Games and Interaction design

Sunday, September 25, 2005

Games meets Interaction design

I was fortunate enough to attend a seminar as part of the london design festival, the primary focus of which was to examine the disciplines of interaction design and games design, and to see where there is an intersection, what opportunities there are for cross-pollination of ideas. The event comprised two presentations, one from Ben Cerveny which looks like it might have been an adaptation from his reboot presentation "At play in the garden" . Ben began by examining the process of play, proposing (IIRC) that interaction is a subset of play, and by describing the components that comprise any given interaction. It was a fascinating presentation, Ben is a fast talker! Wish I'd taken some notes now, admittedly.

The second presentation was from from Durrell Bishop, a partner in LuckyBite , (who appear to be based about 2 minutes away from my house). Durrell's background seems to be more focussed on the physical aspects of interaction design as opposed to screen based, and he has been a senior tutor on the interaction design course at the rca . He gave several examples of his work, and some of the work of his students (a lovely finger puppets example from Philip Worthington . Check out the lineriders example too. v tasty ).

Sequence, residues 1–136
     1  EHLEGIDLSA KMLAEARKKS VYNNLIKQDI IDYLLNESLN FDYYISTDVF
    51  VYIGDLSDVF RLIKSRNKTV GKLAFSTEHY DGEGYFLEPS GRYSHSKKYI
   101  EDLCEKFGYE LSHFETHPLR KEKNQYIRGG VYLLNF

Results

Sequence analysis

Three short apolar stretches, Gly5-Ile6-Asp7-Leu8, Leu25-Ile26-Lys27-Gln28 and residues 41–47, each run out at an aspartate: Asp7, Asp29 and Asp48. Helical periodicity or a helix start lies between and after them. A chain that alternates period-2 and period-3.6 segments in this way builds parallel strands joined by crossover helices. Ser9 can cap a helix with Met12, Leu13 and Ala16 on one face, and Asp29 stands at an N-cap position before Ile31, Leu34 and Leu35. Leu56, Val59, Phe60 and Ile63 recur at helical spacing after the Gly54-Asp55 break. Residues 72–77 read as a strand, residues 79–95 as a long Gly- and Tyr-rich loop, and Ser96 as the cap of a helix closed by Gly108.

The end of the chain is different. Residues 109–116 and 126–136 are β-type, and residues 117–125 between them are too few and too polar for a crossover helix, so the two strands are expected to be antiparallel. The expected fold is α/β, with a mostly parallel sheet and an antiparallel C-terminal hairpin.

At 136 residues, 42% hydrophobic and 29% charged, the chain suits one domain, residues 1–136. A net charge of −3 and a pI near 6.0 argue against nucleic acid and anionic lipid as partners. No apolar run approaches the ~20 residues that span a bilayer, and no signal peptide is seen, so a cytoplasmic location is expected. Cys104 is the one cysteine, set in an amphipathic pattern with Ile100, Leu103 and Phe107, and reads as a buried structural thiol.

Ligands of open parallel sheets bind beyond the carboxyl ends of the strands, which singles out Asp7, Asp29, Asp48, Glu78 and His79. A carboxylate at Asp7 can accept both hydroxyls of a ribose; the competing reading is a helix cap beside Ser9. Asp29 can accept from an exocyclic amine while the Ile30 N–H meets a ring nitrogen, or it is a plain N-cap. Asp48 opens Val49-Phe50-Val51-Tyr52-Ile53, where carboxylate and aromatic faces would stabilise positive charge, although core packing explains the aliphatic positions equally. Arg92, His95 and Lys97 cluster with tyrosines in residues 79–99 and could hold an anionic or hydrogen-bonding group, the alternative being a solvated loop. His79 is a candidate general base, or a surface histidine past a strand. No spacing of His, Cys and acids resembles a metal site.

The ringleader for the event was Nico MacDonald , who did an excellent job of fielding some disparate and passionate contributions from the presenters and audience. The majority of the audience was from the interaction design field (as opposed to games) and there was definitely a feeling that they wanted to get involved in the game design process and that they felt shut out somehow. Some examples of the crossover of interaction design companies with game creation came with the use of amberlight to tune the experience of both eyetoy play and singstar. I'd argue that interaction design is not ignored or excluded by game creators, but that interaction design is implicitly part of game design. Game designers HAVE to have an indepth and intimate understanding of interaction design for the player to have a meaningful experience without the awkwardness and barriers associated with bad interaction design. I guess however their knowledge is less formalised than that of a pure interaction designer.

All in all, a valuable event, look forward to the next talk "Point and schtick : can interactivity make you laugh?" on October 20th.


At 11:45 AM, Blogger Tom said...

Thanks for the write-up. Yes, it was a very good event, run as part of the InSync Programme. Anyone interested in attending the next InSync event, "Point and Schtick" should email insync@westking.ac.uk


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